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Pre-Test

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  1. State three or more psychometric properties that are commonly reported in studies of outcome measures.

  2. State two important characteristics to consider when appraising the applicability of a study of an outcome measure.

  3. State two types of outcome measure reliability that are studied.

  4. Describe two important design features you consider when appraising the quality of a reliability study.

  5. State two types of outcome measure validity that are studied.

  6. State important design features to consider when appraising the quality of a criterion-related study of outcome measure validity.

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Introduction

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This chapter addresses the appraisal of studies of outcome measures. Outcome measures provide information about patients and their progress. Choosing appropriate outcome measures for your patients is critical to understanding their status and progress over time. Ideally, the psychometric properties of an outcome measure used in practice have been developed and tested through a series of research studies. Psychometric properties are the intrinsic properties of an outcome measure and include reliability, validity, and clinical meaningfulness (Fig. 10.1). Understanding the research used to develop and assess outcome measure psychometric properties empowers you to select and use outcome measures effectively in your practice.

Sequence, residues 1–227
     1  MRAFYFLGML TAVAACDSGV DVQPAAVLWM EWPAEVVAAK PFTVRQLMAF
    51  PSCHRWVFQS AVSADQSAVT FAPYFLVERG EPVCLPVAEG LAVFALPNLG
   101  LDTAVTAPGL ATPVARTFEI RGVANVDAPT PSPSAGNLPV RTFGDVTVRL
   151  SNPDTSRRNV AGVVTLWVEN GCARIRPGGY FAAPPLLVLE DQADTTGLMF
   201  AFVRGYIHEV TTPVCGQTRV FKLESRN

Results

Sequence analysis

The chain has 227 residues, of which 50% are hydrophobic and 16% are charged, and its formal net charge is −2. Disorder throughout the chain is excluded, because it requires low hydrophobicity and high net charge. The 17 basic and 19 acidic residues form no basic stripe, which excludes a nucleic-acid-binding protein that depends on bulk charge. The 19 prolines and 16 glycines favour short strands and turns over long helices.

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FIGURE 10.1

The appraisal process for studies of reliability, validity, and clinical meaningfulness of outcome measures.

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We begin this chapter by defining common features of outcome measures and describing the different categories of outcome measures that you are likely to encounter in clinical practice, that is, questionnaires and performance-based measures. This chapter does not focus on the appropriate use of outcome measures in a particular research study; rather, we focus on how you can use the appraisal process to determine whether a study of an outcome measure is applicable, valid, and clinically useful. We review the appraisal of studies of reliability, validity, and clinical meaningfulness of outcome studies and provide corresponding checklists of appraisal with key questions in Tables 10.6, 10.8, and 10.9.

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Types and Utility of Outcome Measures

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What Is an Outcome Measure?

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An outcome measure is any characteristic or quality measured to assess a patient's status. Outcome measures are commonly collected at the beginning, middle, and end of a course of physical therapy care. Outcome measures that you are likely to encounter in clinical practice can be divided into two categories: (1) questionnaires and (2) performance-based measures. Questionnaires require that either a therapist interviews a patient or the patient independently completes the questionnaire. Questionnaires are typically scored by applying a pre-set point system to the patient's answers. Performance-based measures require the patient to perform a set of movements or tasks. Scores for performance-based measures can be based on either an objective measurement (e.g., time to complete a task) or a qualitative assessment that is assigned a score (e.g., normal or abnormal mechanics ...

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